Letters in Applied Microbiology

Cover image for Vol. 58 Issue 2

February 2014

Volume 58, Issue 2

Pages 95–196

  1. Editor's Choice

    1. Top of page
    2. Editor's Choice
    3. Original Articles
    1. Postharvest transfer and survival of Salmonella enterica serotype enteritidis on living lettuce (pages 95–101)

      J.A. Waitt, D.D. Kuhn, G.E. Welbaum and M.A. Ponder

      Article first published online: 23 OCT 2013 | DOI: 10.1111/lam.12170

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      Significance and Impact of the Study: Hydroponically grown lettuce packaged in plastic clamshells with intact roots, marketed as ‘living lettuce’, is increasing in popularity due to its extended shelf life. This study demonstrates the transfer of Salmonella from contaminated worker hands and contaminated roots to leaves where it persisted at 4°C for 18 day. Temperature abuse (12°C) increased Salmonella on roots and leaves. These findings suggest that failure to maintain temperatures below 12°C can pose a risk for consumers purchasing living lettuce at markets where recommended storage temperatures are not maintained.

  2. Original Articles

    1. Top of page
    2. Editor's Choice
    3. Original Articles
    1. Isolation and partial characterization of bacteria (Pseudoalteromonas sp.) with potential antibacterial activity from a marine costal environment from New Caledonia (pages 102–108)

      R. Dufourcq, E. Chalkiadakis, M. Fauchon, E. Deslandes, V. Kerjean, S. Chanteau, E. Petit, J. Guezennec and M. Dupont-Rouzeyrol

      Article first published online: 17 OCT 2013 | DOI: 10.1111/lam.12162

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      Significance and Impact of the Study: With the constant increasing of bacterial resistance against known antibiotics in worldwide public health, it is now necessary to find new sources of antimicrobials. Marine bacteria from New Caledonia were isolated, tested for antibacterial activity and characterized to find new active molecules against multidrug-resistant bacteria. This study illustrates the diversity of the marine ecosystem with potent new bacteria species. Also the potential of marine bacteria as a rich source of bioactive molecule, for example antibiotics, is highlighted.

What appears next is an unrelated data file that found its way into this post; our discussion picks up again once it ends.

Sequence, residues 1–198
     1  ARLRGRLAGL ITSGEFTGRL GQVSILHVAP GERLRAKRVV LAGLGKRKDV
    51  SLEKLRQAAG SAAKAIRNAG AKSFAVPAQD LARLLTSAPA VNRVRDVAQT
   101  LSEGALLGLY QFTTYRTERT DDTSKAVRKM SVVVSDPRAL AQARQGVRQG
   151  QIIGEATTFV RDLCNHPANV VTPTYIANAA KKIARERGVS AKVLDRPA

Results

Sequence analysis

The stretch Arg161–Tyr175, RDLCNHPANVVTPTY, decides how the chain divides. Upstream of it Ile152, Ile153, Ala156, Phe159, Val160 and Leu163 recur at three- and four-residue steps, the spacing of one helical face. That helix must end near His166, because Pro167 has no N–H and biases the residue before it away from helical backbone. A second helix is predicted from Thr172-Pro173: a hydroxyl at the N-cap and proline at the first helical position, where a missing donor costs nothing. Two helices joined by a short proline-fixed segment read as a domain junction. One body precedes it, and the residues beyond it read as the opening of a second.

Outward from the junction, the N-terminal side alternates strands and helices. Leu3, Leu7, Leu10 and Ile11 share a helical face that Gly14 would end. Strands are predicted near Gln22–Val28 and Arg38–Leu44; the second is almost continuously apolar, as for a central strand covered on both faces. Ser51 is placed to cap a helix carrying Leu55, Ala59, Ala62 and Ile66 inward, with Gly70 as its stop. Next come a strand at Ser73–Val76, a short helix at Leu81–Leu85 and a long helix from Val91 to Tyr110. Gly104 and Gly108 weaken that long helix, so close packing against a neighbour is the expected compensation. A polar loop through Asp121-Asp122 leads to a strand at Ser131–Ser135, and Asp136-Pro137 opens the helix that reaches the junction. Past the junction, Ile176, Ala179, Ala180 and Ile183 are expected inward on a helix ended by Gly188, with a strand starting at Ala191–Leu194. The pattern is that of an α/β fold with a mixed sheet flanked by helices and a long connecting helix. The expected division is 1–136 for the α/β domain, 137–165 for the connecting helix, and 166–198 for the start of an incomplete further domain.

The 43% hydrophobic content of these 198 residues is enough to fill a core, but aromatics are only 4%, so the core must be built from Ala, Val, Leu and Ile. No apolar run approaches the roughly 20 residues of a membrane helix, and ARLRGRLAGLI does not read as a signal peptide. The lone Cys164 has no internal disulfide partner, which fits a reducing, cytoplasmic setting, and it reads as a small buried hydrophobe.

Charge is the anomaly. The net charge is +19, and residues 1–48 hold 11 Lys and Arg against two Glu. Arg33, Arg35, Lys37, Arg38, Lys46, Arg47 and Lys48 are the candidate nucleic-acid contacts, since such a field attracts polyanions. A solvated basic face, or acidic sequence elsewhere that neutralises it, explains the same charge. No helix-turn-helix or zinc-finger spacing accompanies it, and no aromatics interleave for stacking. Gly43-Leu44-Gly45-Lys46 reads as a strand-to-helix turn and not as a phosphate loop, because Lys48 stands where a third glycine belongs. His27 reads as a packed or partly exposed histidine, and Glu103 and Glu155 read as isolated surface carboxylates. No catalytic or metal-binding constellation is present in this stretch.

2. Effect of a sublethal high-pressure homogenization treatment on the fatty acid membrane composition of probiotic lactobacilli (pages 109–117)

      G. Tabanelli, F. Patrignani, F. Gardini, G. Vinderola, J. Reinheimer, L. Grazia and R. Lanciotti

      Article first published online: 15 OCT 2013 | DOI: 10.1111/lam.12164

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      Significance and Impact of the Study: This study contributed to understand the response mechanisms activated in cells exposed to pressure stress. It has been demonstrated that high-pressure homogenization (HPH) treatments, conducted at sublethal levels, could increase some important functional and technological characteristics of nonintestinal probiotic strains. The findings of this paper can contribute to elucidate the mechanisms through which these treatments can modify these strain probiotic properties that are related to outermost cell structures, also principal target of HPH.